Colorado Senate OKs co-op banking option for marijuana sellers
The Colorado state Senate passed a bill on Wednesday to create the nation’s first state-run marijuana financial cooperative, with the ultimate aim of opening newly legalized cannabis retail outlets to key banking services through the Federal Reserve.
The 24-11 vote approving the so-called “cannabis credit co-ops” came days after the state House of Representatives cleared its own version of the bill, which seeks to address problems marijuana retailers face in having to operate on a cash-only basis.
House-Senate negotiators must now reconcile differences between the two versions in hopes of sending a compromise bill back for final floor votes in both chambers before the Democratic-controlled General Assembly session ends at midnight.
From USA TODAY, a jobs story with a global reach:
The new nursing shortage
On one hand, things are looking pretty dandy for nursing in the United States: the Bureau of Labor Statistics projected a 19 percent growth in employment for registered nurses from 2012–2022. Compare that to an 11 percent average growth rate for all occupations. That’s a reason to celebrate during National Nurses Week.
But here’s the twist: The recent recession made it more difficult for entry-level nurses to find work, as more experienced nurses put off retirement and stayed in the job force. So now there’s a nurse shortage – and it’s happening all over the world.
In 2010, a World Health Organization report revealed that India needed 2.4 million more nurses. In sub-Saharan Africa, shortages are having profound effects on health care. In Canada, a nursing shortage lingers on, with an expected 60,000 additional registered nurses needed by 2022.
Off to Britain and some bankster artful dodging sure to result in a big bonus way up high, via the Guardian:
Barclays to cut up to 8,000 investment banking jobs
- Bank boss Antony Jenkins to announce losses as he outlines plan to overhaul investment arm following criticism over bonuses
Barclays will announce on Thursday that it is cutting up to 8,000 investment banking roles – almost a third of the division’s workforce – as it retreats from one of the most controversial parts of its business.
Antony Jenkins, the embattled Barclays chief executive, is to outline his plan to overhaul the investment bank on Thursday after facing fierce criticism for his decision to increase bonuses by 10% last year, when profits fell sharply.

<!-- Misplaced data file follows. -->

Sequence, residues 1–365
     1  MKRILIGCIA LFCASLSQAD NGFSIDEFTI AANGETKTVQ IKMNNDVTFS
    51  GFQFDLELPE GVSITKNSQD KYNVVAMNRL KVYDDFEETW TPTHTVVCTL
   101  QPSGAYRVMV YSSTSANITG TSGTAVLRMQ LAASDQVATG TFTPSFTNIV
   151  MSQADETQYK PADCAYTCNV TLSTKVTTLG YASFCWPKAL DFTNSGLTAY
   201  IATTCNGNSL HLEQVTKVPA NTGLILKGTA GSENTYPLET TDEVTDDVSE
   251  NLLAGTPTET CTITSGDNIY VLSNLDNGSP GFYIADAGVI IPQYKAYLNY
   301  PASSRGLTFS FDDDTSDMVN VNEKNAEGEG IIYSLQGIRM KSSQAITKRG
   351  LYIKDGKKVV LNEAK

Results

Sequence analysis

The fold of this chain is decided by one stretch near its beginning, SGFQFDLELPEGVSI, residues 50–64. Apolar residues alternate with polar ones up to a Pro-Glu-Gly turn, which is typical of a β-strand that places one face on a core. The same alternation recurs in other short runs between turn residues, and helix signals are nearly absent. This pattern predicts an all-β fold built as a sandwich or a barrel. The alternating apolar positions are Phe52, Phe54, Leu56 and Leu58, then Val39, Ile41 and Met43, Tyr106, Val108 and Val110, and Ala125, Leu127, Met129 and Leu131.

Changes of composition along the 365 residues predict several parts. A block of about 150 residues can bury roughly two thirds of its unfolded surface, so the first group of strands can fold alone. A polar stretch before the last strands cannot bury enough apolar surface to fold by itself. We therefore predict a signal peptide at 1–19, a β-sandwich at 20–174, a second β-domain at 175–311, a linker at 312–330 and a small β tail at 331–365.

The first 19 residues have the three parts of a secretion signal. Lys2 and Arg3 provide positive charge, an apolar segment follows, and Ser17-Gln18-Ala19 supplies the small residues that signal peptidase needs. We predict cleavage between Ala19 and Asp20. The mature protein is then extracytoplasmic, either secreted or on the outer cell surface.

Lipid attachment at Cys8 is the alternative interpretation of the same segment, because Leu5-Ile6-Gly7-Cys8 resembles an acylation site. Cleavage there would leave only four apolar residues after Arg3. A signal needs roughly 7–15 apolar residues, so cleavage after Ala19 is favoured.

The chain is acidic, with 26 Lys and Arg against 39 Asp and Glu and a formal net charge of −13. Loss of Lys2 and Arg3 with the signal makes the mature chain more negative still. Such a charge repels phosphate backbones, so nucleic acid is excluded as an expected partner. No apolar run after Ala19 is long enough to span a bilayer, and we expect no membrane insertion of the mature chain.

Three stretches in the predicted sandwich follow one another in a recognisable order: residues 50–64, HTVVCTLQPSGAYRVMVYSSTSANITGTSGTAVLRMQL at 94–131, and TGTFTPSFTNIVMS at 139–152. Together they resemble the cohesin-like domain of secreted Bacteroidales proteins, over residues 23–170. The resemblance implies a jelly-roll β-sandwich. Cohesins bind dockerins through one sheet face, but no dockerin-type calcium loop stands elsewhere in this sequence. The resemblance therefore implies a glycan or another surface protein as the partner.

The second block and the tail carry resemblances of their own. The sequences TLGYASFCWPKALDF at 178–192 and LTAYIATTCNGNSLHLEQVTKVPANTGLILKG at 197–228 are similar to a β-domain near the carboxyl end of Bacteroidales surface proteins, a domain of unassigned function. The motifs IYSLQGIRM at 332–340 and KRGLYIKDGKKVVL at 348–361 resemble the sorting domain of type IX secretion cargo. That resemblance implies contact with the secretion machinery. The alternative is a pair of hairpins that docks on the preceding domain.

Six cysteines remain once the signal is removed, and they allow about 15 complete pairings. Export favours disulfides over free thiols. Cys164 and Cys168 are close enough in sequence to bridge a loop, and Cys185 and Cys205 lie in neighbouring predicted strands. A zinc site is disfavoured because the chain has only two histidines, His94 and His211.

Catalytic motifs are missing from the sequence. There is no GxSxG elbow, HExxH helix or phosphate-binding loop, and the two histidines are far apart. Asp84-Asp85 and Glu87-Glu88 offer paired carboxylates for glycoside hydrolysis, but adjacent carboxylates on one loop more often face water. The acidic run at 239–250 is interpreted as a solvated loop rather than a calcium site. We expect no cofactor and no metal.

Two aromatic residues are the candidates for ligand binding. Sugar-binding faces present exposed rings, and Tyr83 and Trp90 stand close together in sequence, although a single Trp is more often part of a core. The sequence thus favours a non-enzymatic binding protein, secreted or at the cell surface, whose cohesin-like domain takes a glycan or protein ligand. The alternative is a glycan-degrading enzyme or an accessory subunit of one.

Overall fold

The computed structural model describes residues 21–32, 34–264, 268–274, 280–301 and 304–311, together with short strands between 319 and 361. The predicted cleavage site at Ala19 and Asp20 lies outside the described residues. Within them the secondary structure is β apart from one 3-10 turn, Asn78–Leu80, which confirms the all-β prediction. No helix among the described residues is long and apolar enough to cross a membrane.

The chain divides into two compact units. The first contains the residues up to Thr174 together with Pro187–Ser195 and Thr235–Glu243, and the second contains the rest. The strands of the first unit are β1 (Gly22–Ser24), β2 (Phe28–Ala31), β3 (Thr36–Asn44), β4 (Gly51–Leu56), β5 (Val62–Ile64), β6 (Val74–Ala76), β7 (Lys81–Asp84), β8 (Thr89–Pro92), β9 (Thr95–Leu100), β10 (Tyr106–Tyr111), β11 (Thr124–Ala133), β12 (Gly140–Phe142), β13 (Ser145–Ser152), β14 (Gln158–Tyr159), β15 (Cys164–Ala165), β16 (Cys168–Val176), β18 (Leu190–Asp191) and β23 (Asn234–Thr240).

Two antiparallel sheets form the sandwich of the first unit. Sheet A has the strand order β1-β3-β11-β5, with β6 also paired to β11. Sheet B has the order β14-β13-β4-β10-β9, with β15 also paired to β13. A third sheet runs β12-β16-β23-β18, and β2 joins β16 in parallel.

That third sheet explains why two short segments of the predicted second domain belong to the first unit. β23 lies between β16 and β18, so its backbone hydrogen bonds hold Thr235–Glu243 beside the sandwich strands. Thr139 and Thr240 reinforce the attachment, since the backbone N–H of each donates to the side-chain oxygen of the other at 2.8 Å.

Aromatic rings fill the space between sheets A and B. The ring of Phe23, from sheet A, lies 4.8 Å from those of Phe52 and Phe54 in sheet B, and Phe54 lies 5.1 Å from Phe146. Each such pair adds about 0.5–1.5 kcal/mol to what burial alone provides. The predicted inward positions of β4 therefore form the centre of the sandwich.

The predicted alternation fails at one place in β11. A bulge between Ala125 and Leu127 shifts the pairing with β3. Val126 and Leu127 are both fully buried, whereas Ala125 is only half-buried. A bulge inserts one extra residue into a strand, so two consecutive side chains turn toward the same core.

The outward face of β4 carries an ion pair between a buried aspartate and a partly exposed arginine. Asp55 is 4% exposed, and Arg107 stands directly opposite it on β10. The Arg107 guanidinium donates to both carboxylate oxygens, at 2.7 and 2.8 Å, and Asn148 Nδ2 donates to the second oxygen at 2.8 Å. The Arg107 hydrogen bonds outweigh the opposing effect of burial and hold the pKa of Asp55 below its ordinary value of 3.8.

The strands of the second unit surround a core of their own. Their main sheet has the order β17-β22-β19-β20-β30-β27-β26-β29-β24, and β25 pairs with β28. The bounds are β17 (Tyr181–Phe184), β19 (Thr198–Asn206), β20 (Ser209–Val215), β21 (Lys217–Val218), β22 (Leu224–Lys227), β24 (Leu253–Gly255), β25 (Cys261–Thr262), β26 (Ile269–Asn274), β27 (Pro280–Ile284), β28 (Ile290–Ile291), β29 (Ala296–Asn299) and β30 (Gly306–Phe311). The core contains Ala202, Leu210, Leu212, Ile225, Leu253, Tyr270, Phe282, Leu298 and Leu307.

In an announcement to the City, Jenkins is expected to explain how he intends to tackle the most troublesome parts of the investment bank – the traditional powerhouse of Barclays – to prove to investors that he can rein in costs and start to bolster the profitability of the organisation.
Germany next, and one of the downsides of being the reigning industrial power on the continent via TheLocal.de:
Germany is EU’s worst polluter
Germany is the European Union’s worst polluter, with its carbon dioxide emissions rising by two percent in 2013 to 760 million tonnes, official data showed on Wednesday.
The EU’s statistics agency Eurostat found that while emissions were cut across the 28-member bloc by an average of 2.5 percent in 2013, they actually went up in six countries, including Germany.
Denmark registered a 6.8 percent increase in CO2 emissions. In Estonia it was up by 4.4 percent, followed by Portugal (up by 3.6 percent), France (by 0.6 percent) and Poland (by 0.3 percent).
The greatest cuts in CO2, which accounts for 80 percent of the greenhouse gas emissions causing global warming, came from Cyprus, where emissions went down by 14.7 percent, followed by Romania (down by 14.6 percent) and Spain (by 12.6 percent).
More industrial news from New Europe:
German industry orders fall in March
- Orders for industrial goods decreased by 2.8 percent in March
Industry orders in Germany, Europe’s largest economy, fell unexpectedly in March, official data showed on Wednesday.
Adjusted for calendar and seasonal swings, orders for industrial goods decreased by 2.8 percent in March compared to February, when new orders increased by 0.9 percent, the German Federal Statistical Office said.
The drop surprised economists who forecast orders to slightly increase. Domestic orders declined by 0.6 percent, while contracts from foreign markets were down by 4.6 percent. In the eurozone, new orders decreased by 9.4 percent.
Lisbon next and a problen remaining after the bailout’s end from the Portugal News:
Central Bank profit slides 43.7%
The Bank of Portugal will be chipping in with €202 million to the state coffers courtesy of its 2013 dividends but that is down 43.7% from 2012 due to a slump in profits, according to the 2013 Management Report released yesterday.
Correspondingly, year-on-year profits at the bank regulatory entity fell from €449 million in 2012 to €253 million last year.
In terms of the dividend to the state, this has slumped from €359 million to the aforementioned €202 million in 2013 with the state thus seeing a €157 million fall in its taking.
The aforementioned report attributes this fall to the “reduction in the interest rate margin and the results attained in financial operations, the rise in non-accounted for losses from financial operations and the decrease in the net results of the shared monetary income.”